Skip to comments.The challenge to Darwin’s theory of evolution – Part 3
Posted on 10/16/2006 8:10:58 AM PDT by DaveLoneRanger
TOKYO -- To understand ID theory, we have to review Darwinism, and its founder.
English naturalist Charles Robert Darwin (1809-1882) conducted a scientific survey while aboard the British warship HMS Beagle from 1831 to 1836. Based on his encounter with diverse forms of life on the Galapagos Islands off Ecuador, Darwin wrote The Origin of Species in 1859. The central focus of the book was the theory of natural selection.
The natural selection theory is remarkably simple. It proposes that individual organisms gradually mutate and that those with favorable traits for adaptation are more likely to survive. It claims that the organisms evolved transcendent of species by the repetition of mutation and natural selection.
According to Darwin, Natural selection acts only by the preservation and accumulation of small inherited modifications, each profitable to the preserved being; and as modern geology has almost banished such views as the excavation of a great valley by a single diluvial wave, so will natural selection banish the belief of the continued creation of new organic beings, or of any great and sudden modification in their structure. (Origin of Species)
Mutation and natural selection are both gradual processes. Today researchers have made advances in population genetics, biochemistry, and neo-Darwinism (modern evolutionary synthesis) that explain DNA mutations which Darwin referred to as random. However, the basic concept is no different from the one established by Darwin.
Darwinism claims that all evolution of life can be explained by accidental mutation and natural selection, and implies that evolution has no purpose. It claims that humans are an extension of apes, and that human intelligence and language ability are accidentally acquired abilities.
Importantly, ID theory does not question the history of evolution as a process of life becoming more complex and advanced. Rather, it raises the question of why it evolved. It claims that the concept of an intelligent designers involvement can better explain the evolution of complex life forms.
A drastic change of world view
The legacy of Darwin is not limited to the interpretation of evolution. Great scientists before Darwin, including Newton, considered that the universe and life are designed in some way, (Dr. Paul Nelson), but the birth of Darwinism drastically changed the world view and value system of the Western world.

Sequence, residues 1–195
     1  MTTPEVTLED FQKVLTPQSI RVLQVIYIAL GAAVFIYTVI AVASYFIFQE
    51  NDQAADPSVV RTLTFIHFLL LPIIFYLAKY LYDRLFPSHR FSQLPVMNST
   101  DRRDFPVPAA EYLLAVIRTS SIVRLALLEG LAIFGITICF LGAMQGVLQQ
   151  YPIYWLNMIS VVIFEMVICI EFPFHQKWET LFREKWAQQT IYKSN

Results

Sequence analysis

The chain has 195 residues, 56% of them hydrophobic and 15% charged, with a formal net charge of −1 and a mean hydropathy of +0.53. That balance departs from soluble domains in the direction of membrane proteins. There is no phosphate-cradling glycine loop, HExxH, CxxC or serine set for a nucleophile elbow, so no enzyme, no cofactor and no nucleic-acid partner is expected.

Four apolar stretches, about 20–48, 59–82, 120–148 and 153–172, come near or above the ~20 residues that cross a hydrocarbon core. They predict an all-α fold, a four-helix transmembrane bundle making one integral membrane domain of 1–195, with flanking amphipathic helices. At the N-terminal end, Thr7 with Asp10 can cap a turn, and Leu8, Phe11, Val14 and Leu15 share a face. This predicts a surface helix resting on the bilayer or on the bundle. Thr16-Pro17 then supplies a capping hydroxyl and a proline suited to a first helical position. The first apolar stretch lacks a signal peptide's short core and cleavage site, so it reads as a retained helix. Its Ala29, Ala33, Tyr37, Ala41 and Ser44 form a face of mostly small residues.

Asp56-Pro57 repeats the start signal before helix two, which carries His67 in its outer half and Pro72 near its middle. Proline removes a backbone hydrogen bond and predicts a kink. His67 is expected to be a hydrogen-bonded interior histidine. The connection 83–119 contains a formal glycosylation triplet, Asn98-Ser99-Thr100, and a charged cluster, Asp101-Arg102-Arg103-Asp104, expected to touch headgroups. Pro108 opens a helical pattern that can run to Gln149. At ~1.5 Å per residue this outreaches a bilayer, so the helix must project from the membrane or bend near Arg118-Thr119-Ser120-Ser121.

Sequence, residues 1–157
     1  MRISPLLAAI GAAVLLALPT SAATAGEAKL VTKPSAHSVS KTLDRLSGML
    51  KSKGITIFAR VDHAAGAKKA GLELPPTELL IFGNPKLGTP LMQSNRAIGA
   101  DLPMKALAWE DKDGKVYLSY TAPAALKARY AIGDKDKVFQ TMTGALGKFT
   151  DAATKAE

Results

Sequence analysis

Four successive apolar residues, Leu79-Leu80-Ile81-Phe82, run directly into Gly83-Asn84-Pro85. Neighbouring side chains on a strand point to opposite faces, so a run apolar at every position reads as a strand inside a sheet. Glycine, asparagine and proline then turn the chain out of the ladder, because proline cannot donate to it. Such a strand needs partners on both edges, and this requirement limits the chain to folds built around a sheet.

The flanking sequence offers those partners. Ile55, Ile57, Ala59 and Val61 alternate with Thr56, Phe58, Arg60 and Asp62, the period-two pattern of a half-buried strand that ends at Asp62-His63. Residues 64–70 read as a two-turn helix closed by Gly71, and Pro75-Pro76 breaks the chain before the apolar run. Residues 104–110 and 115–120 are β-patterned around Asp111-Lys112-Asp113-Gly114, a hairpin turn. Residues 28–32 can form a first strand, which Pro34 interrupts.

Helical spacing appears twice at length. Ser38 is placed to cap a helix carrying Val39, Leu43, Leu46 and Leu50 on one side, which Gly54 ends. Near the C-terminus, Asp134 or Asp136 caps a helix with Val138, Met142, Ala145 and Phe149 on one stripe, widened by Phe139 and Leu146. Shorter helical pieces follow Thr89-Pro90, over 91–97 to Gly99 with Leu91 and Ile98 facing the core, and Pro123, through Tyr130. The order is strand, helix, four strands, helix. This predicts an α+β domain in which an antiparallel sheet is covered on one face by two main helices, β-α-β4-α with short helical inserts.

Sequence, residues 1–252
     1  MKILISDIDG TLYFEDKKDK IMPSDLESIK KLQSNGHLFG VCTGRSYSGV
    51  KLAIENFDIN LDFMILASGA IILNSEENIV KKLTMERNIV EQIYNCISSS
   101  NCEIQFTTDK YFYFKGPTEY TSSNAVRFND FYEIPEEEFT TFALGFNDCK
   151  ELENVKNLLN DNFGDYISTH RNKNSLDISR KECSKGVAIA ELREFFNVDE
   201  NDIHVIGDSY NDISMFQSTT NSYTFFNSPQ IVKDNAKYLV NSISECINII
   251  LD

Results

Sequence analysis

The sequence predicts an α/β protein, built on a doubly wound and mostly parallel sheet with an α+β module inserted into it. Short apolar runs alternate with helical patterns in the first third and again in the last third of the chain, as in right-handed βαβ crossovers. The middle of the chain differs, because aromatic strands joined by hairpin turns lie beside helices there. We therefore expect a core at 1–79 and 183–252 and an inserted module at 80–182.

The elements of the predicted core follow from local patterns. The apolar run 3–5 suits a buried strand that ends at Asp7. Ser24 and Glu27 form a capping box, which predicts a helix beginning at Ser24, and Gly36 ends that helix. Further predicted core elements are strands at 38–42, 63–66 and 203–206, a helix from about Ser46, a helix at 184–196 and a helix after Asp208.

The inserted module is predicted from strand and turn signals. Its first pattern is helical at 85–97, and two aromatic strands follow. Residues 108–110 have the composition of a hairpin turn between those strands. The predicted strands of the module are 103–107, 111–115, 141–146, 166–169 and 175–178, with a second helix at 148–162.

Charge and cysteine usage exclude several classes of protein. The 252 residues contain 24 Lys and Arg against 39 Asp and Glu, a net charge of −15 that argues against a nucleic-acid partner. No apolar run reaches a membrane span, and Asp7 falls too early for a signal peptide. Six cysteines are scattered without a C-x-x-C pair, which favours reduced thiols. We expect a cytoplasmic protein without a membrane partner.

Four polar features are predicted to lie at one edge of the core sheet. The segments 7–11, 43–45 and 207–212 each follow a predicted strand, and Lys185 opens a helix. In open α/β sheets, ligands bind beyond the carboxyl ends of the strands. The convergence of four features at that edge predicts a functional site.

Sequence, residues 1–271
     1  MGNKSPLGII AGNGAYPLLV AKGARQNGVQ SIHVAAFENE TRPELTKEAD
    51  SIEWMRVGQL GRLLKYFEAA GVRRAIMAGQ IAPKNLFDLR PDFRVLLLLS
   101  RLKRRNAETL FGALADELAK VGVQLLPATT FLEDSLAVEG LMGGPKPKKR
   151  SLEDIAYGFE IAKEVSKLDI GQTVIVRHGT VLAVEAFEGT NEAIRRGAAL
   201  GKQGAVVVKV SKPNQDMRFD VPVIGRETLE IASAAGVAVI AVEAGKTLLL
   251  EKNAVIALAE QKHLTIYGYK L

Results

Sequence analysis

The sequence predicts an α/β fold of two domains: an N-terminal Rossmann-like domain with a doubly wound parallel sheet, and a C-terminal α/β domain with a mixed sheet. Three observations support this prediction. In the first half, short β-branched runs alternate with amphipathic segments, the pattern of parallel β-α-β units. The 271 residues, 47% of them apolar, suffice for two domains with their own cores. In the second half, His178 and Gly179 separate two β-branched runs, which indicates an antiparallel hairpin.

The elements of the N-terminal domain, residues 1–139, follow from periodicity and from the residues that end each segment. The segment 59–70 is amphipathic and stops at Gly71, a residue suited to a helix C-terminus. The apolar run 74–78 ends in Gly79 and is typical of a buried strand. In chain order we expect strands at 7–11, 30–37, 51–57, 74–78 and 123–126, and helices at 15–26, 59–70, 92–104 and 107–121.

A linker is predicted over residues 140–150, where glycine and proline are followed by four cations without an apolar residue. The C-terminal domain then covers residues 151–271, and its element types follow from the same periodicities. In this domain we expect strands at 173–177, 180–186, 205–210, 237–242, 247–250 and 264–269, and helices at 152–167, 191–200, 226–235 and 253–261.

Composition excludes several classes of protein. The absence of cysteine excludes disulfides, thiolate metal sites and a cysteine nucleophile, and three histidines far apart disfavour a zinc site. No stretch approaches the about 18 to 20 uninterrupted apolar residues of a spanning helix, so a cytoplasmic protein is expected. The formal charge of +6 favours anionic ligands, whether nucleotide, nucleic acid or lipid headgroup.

Darwinism came to be considered a truth rather than a hypothesis. Naturalism, which claims that the universe and life can be explained by materialistic factors alone, (Materialism and Darwinism can be considered forms of naturalism) became the mainstream thought and teaching around the world.
On the other hand, ID theory emerges as a new paradigm to interpret complex life, fossils and facts observed in the universe, challenging sciences old materialistic framework that has been sustained for almost 150 years since Darwins Origin of Species.
For this series of articles, Sekai Nippo interviewed leading scientists of the ID movement. These scientists include Stephen Meyer, director and senior fellow of the Center for Science and Culture (CSC) of the Discovery Institute, Jonathan Wells, senior fellow of CSC, Scott Minnich, associate professor of microbiology at the University of Idaho, senior fellow at CSC, Michael Behe, professor of biological sciences at Lehigh University in Pennsylvania, and Guillermo Gonzalez, assistant professor of astronomy at Iowa State University.
These scientists embrace different faiths, and their articles do not state the identify of the designer. They are engaged in a scientific debate and they think it is not the role of science to answer who the designer is.
Later in this series, we will introduce the core concepts of ID theory, irreducible complexity in the area of biochemistry, specified complexity in the area of logics, and the correlation between habitability and measurability in the area of cosmology and astronomy.
Cambrian fossils are a major issue for Darwinism. ID advocates stress that they prove the role of a designer.
Oranguatans are great apes.
> Why do you all keep saying ID is the same as creationism?
ID is a subset of creationism, just as "trout" is a subset of "fish." All trout are fish, not all fish are trout... all IDers are creationists, not all creationists are IDers.
So are gorillas, chimps and humans. One of the great ape species can pray. Which do you think it is?
Gotcha now. Slow on the uptake this morning.
Still, I like the idea of praying orangutans.
An unspiritual human won't pray, but will rely on himself and the great god, Reason. Only a spiritual human will pray and he is not a "great ape", but a man made in the likeness of his creator, God.
Really! Okay, so then. Why do you all keep saying ID is the same as creationism? (Note that creationism is the only thing I endorse...)
You really need to do more research.
ID is not compatible with YEC, but it is a form of creationism.